Another key issue is whether MDG-type of goals as such are outdated. The global development landscape has changed since the 1990s, and it is still under rapid transformation. Several low-income countries are turning middle-income. It is now estimated that some 75 percent of the worlds’ poor live in middle income countries. Some of these – China and India in particular – are rapidly emerging world powers, to which OECD countries would be less willing to give aid.
Further, the development debate and interventions have shifted from dealing with drivers of development to a focus on the limits and negative consequences of growth; climate change effects, crises of various sorts, failing states and security issues are increasingly in focus. The role of aid is gradually becoming more complementary when dealing with such global challenges.
Moreover, the aid atmosphere has changed; substantial cuts in aid can be expected when the bills for the financial crisis rescue plans shall be paid in OECD countries; insights about the impossibility of steering with goals, in particular at a global level, are beginning to sink in; the emergence of a host of new donors have started to shake up the traditional aid architecture.
So what kind of international opinion is possible to form regarding poverty issues from now until 2015? Could a coalition between OECD countries and emerging economies be formed around strategies for doing something about poverty in the 39 remaining low-income countries? Probably not, since the new “donors” would be reluctant to gang up with the old ones and thereby risking the advantages they have gained in relations to many poor – but resource rich – countries by behaving in ways that differ from traditional donor behaviour.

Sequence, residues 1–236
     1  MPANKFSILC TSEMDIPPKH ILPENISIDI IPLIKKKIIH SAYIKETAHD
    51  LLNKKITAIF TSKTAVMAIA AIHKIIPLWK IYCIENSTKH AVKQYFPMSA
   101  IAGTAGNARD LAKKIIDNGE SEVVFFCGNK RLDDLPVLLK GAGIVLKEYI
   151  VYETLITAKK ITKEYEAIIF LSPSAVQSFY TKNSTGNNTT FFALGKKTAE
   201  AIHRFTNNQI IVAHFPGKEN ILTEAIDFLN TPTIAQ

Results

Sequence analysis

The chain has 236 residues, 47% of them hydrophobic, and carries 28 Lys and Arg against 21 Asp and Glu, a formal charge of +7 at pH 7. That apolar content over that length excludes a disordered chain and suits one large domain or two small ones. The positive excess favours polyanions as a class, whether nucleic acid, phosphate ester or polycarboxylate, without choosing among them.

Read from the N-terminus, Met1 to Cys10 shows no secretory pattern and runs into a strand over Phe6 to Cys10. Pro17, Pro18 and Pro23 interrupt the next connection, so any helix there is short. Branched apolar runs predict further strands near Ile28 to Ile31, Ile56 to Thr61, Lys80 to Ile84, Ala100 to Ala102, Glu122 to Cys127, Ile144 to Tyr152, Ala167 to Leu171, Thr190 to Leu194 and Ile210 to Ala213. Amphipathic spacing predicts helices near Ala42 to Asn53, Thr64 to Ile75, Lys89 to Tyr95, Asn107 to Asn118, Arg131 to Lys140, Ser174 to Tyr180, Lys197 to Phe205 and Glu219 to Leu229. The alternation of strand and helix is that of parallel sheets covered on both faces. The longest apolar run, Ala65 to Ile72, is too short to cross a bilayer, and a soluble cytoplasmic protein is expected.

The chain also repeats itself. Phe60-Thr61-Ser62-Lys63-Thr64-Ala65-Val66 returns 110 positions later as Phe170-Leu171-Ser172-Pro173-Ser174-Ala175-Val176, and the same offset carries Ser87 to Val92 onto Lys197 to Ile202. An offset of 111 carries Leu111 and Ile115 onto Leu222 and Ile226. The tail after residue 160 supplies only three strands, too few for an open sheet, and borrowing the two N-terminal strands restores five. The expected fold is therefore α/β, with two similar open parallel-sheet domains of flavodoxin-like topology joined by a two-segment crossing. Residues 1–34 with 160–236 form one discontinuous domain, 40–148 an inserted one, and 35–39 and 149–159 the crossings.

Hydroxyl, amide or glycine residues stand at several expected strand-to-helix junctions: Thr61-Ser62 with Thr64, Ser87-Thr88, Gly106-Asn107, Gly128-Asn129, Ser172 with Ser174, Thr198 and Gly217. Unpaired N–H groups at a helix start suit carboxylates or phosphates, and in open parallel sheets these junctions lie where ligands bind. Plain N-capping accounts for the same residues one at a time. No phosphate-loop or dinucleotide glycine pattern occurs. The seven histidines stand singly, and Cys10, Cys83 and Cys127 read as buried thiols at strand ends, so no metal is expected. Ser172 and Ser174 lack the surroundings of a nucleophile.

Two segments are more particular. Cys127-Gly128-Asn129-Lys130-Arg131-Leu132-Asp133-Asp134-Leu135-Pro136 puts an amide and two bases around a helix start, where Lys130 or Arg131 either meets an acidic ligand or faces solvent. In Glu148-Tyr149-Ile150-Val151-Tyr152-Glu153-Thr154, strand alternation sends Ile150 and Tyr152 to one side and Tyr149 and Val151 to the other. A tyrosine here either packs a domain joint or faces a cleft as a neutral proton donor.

Should ambitions instead be lowered and a truly normative process be promoted, separated from the operational side of aid relationships? Based on an updated global poverty map – with much poverty residing in the domestic states and provinces of India and China – aspiration goals could perhaps be agreed upon, without being operationalised and quantified. If so, an unhappy marriage of international normative goals and global operational strategies seeking results on national levels could finally be broken up.
Normative, aspirational goals could be formulated for the national level. And, if the ambition still is high, operational goals could be saved for the international level. But what would then a commonly shared message look like? It needs to be easily understood and encountered. Even the MDGs have been criticized of being too complex for a broader audience.